What follows is a painstaking list (painstaking because apparently I don’t read many books set in hot places or seasons), a somewhat random selection of books that I hope are well-suited to helping readers escape from winter weather and suffering. Runs the gamut of genres, with nonfiction, rom-com, fantasy, thriller, historical fiction, and science fiction.
1. The Heist, by Janet Evanovich and Lee Goldberg
Janet Evanovich is one of my favorite authors of romantic comedy – she writes almost slapstick humor with more than a dash of hot romance. I keep reading her Stephanie Plum series, even though she’s up to 20 by now. The Heist takes place in Indonesia – it is a fast-paced frolic about an FBI special agent (Kate) and a con-man (Nick) who end up working together – sort of – to stop a corrupt banker. Involves a trip to Indonesia, and some crazy hijinks on the water and on the island.
2. Dark Currents, by Sharon Lee
By one of my favorite authors OF ALL TIME, this one takes place in a seaside town with a paranormal side. Lots of fey creatures and magic and demons. It kills me that I can’t remember if it takes place during the summer, but it’s seaside anyway, and well worth a look. Certainly, it will distract you from cold toes and snowy sidewalks.
3. Wildflower: An Extraordinary Life and Untimely Death in Africa, by Mark Seal
Wildflower is about an environmentalist with “an uncanny ability to connect to animals,” Joan Root, who moved to Kenya to protect the wildlife and make films about it. An intriguing, well-written narrative nonfiction.
4. Dune,by Frank Herbert
Ah, one of the classics of science fiction. Do I need to tell you about it? Set mostly on a desert planet that has so little water, alien nomadic tribespeople must wear water-recycling suits. Amazing, incredible story on a grand scale. Don’t miss it!
5. Casino Royale by Ian Fleming
The first of the Bond books, and the first in the movie remakes, you all know what it’s about. You probably also remember that it takes place on the coast in France, with sandy beaches and shimmery water. Watch out for the misogyny, and be warned – there’s some graphic violence (remember the torture scene? Yeah.) But even with all of that, it is definitely an entertaining Cold War espionage novel. And then you can say you’ve read the book, too.
6. The Shape of Water, by Andrea Camilleri
Confession: I haven’t read the book yet. A translation from the Italian, this novel begins the series about Commissario Montalbano, a Sicilian detective. The International Mystery television series is amusing, witty, suspenseful… the characters are delightful. I would bet this is a masterpiece of detective fiction, just waiting for you to discover it. (For the record: I’m looking for the Italian version to read, first).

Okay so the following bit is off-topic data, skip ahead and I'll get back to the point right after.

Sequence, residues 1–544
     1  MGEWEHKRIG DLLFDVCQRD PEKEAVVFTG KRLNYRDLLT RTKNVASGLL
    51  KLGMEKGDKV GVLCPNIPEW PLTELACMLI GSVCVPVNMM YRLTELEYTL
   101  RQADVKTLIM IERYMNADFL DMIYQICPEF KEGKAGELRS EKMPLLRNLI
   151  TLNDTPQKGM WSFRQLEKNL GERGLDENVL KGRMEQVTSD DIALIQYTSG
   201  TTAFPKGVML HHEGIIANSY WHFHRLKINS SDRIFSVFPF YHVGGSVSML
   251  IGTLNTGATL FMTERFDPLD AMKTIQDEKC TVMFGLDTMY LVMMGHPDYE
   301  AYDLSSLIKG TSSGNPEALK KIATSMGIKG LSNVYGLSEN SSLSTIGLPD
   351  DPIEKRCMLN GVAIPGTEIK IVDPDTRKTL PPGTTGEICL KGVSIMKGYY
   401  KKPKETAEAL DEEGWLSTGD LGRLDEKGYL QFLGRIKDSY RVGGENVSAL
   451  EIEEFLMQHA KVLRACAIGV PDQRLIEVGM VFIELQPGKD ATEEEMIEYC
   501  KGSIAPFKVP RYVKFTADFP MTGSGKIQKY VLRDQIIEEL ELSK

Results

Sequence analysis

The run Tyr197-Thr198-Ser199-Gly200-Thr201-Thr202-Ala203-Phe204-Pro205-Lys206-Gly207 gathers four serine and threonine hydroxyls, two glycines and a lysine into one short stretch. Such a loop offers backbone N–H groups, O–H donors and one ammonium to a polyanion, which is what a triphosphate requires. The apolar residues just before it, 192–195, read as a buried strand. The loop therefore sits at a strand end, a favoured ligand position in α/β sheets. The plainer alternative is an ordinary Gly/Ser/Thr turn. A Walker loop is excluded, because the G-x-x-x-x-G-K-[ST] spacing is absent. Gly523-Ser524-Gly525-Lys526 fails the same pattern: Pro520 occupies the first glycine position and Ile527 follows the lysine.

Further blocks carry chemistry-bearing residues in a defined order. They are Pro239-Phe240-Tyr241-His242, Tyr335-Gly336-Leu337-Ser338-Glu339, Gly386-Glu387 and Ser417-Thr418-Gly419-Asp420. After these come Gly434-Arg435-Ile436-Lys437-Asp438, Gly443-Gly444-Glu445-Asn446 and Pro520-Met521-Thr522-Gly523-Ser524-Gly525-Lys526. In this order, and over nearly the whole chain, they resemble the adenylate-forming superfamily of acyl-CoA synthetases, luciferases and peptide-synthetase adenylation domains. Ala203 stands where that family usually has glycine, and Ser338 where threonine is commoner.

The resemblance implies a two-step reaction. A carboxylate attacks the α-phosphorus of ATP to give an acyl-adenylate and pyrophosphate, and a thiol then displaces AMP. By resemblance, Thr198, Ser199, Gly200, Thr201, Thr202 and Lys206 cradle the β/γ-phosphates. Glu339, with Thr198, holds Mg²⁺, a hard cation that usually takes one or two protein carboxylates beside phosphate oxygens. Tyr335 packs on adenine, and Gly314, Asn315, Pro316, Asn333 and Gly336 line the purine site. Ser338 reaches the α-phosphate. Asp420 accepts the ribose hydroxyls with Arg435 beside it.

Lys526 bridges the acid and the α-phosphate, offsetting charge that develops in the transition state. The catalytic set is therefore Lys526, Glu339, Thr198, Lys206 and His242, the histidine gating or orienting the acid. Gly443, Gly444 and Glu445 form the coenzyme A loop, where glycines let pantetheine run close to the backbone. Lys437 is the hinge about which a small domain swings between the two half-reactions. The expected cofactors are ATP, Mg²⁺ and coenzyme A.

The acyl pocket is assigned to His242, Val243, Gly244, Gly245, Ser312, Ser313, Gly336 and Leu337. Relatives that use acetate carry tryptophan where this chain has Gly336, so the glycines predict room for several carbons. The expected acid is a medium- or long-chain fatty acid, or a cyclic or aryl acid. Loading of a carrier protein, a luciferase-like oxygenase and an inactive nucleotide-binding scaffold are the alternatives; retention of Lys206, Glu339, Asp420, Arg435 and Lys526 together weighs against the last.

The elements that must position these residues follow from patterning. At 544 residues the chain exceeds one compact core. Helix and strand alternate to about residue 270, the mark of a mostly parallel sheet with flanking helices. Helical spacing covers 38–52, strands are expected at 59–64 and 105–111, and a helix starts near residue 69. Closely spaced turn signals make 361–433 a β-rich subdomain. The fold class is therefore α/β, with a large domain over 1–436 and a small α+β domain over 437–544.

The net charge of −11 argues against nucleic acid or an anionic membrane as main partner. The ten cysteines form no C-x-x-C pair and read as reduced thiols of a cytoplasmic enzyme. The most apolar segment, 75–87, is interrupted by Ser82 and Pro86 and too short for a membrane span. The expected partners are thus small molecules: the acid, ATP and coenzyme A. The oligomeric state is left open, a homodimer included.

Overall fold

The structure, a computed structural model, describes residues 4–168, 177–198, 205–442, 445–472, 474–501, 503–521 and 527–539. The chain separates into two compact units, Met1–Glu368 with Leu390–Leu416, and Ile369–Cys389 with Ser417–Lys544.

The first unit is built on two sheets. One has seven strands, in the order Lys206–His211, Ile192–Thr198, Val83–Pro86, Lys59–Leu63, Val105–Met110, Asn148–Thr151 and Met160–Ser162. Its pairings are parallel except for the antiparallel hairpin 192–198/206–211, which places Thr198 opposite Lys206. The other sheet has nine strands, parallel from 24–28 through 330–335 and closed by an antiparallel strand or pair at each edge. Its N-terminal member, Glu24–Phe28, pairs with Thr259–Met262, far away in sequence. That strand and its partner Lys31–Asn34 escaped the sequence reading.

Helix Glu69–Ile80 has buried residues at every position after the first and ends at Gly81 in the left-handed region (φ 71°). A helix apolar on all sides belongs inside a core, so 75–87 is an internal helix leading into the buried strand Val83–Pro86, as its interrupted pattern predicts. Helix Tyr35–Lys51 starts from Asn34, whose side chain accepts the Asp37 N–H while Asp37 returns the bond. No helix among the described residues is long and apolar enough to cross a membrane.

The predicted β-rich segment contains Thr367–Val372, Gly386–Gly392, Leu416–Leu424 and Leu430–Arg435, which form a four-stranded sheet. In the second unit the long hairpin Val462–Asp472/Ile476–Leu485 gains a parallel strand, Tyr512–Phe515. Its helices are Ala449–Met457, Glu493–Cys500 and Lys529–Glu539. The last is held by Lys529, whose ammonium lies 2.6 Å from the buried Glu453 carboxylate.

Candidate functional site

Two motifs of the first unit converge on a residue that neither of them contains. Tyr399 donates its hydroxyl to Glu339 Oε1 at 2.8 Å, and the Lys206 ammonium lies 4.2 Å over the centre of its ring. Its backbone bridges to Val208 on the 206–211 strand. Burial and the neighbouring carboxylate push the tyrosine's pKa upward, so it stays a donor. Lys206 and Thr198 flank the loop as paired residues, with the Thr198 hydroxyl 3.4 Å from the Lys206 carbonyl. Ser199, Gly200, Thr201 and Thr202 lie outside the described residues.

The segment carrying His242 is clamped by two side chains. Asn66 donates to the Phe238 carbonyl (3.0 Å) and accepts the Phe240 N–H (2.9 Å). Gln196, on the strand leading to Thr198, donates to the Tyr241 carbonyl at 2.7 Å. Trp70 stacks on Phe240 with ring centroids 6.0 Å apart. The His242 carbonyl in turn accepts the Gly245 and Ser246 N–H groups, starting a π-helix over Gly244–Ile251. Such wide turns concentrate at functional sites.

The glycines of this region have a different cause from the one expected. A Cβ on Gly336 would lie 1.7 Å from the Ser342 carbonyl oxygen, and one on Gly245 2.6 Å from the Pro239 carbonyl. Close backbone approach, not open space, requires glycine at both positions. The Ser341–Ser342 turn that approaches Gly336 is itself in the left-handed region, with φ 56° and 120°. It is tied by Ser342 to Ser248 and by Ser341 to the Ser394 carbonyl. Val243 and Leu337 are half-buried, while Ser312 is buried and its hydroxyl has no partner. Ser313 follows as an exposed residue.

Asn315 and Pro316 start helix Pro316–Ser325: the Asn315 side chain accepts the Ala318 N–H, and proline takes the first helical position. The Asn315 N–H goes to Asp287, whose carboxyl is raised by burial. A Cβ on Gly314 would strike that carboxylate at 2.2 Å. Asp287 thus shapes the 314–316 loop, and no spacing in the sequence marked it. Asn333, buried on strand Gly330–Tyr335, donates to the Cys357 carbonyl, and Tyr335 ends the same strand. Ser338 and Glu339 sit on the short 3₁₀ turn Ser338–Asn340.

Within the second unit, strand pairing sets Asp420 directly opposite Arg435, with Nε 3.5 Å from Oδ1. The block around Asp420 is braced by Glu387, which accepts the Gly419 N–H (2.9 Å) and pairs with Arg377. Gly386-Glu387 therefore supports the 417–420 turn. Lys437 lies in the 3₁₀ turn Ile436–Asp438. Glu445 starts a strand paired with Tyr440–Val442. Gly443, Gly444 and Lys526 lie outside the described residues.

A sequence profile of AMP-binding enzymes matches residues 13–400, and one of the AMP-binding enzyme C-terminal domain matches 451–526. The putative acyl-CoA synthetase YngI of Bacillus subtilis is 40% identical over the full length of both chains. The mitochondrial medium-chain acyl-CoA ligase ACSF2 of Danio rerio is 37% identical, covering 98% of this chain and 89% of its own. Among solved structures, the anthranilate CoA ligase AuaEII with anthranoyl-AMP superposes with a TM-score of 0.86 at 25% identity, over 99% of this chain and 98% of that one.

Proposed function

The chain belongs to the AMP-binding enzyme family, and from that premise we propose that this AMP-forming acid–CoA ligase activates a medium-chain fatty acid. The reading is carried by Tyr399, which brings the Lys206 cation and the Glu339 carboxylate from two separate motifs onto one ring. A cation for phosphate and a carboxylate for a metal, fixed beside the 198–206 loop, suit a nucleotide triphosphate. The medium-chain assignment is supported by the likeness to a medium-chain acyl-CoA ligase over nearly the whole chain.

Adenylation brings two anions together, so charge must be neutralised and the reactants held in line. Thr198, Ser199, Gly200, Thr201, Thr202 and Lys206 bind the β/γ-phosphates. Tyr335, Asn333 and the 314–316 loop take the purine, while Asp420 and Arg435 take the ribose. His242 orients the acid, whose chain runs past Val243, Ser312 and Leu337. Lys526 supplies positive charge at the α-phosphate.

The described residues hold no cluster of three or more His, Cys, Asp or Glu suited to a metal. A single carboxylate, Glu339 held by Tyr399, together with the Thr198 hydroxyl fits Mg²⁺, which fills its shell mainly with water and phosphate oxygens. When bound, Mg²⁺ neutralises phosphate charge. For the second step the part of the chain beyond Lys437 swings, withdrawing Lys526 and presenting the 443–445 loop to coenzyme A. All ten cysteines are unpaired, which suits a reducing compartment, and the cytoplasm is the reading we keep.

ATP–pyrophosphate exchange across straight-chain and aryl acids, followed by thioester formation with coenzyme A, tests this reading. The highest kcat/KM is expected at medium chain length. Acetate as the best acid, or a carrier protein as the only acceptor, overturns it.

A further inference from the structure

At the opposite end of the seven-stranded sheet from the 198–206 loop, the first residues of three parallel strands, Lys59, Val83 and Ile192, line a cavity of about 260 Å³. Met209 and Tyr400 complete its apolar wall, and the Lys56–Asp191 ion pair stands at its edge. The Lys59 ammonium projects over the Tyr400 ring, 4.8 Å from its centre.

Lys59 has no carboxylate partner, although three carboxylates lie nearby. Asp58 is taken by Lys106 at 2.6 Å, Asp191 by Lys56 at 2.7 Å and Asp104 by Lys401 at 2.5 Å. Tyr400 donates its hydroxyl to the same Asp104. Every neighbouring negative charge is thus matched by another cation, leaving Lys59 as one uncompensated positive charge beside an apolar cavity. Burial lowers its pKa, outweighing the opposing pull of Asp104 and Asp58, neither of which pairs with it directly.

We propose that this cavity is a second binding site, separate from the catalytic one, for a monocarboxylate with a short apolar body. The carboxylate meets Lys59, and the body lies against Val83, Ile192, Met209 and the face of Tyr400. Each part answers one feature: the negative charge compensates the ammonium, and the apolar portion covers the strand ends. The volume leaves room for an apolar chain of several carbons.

7. Mara, Daughter of the Nile, by Eloise Jarvis McGraw
This, a book I would have loved to read as a young adult, is also a book I thoroughly enjoyed as a fully-grown (or so I hope) adult. As the title suggests, this novel takes readers to Egypt – an ancient Egypt of pharaohs and slaves. Mara is a slave who finds herself falling in love with her young master, who is trying to overthrow the government. Espionage, suspense, adventure, and hot hot sands.
8. The Twelve Rooms of the Nile, by Enid Shomer
Another book set in Egypt, this one chronicles a fictional meeting, friendship, and romance between Florence Nightingale and Gustave Flaubert as they traveled the Nile. In reality, they did so at the same time, but never met. The setting is vivid and atmospheric, with great historical detail. The characters are engaging, and the prose is the kind to savor.
9. To Say Nothing of the Dog, by Connie Willis
Connie Willis writes some of the best science fiction around. If you haven’t checked The Doomsday Book out of your local library yet, do so immediately. THIS BOOK. Amazing. It is a light, witty, hilarious tale of mishaps and manners, which is mostly set during a sweltering Victorian summer outside London. If you haven’t read Willis’ other time-travel novels, the main point is that future historians are actually time travelers, who learn about history by living it. Without stepping on the proverbial butterfly, of course. Ned, the main character in To Say Nothing of the Dog, is severely time-lagged after shuttling back and forth between his time and World War II, looking for a particular object. He gets sent to the Victorian period to recuperate, but nothing goes as it should.
- Cold Fire, by Kate Elliott (second in a series, part of which takes place in an alternate Caribbean)
- Queen of Swords, by Sara Donati (fifth in a superb series about colonial America, takes place mostly in New Orlenas)
- The Assassin and the Desert, by Sarah J. Maas (novella in the Throne of Glass series)
- Out of Africa, by Isak Dinesen (memoir by Baroness Blixen about life on a coffee plantation in Kenya)
Whew! I really hope you have other suggestions, because I clearly do not know enough about books set in hot, sunny, deserty or beachy climes. Please help. Write a suggestion in the comments!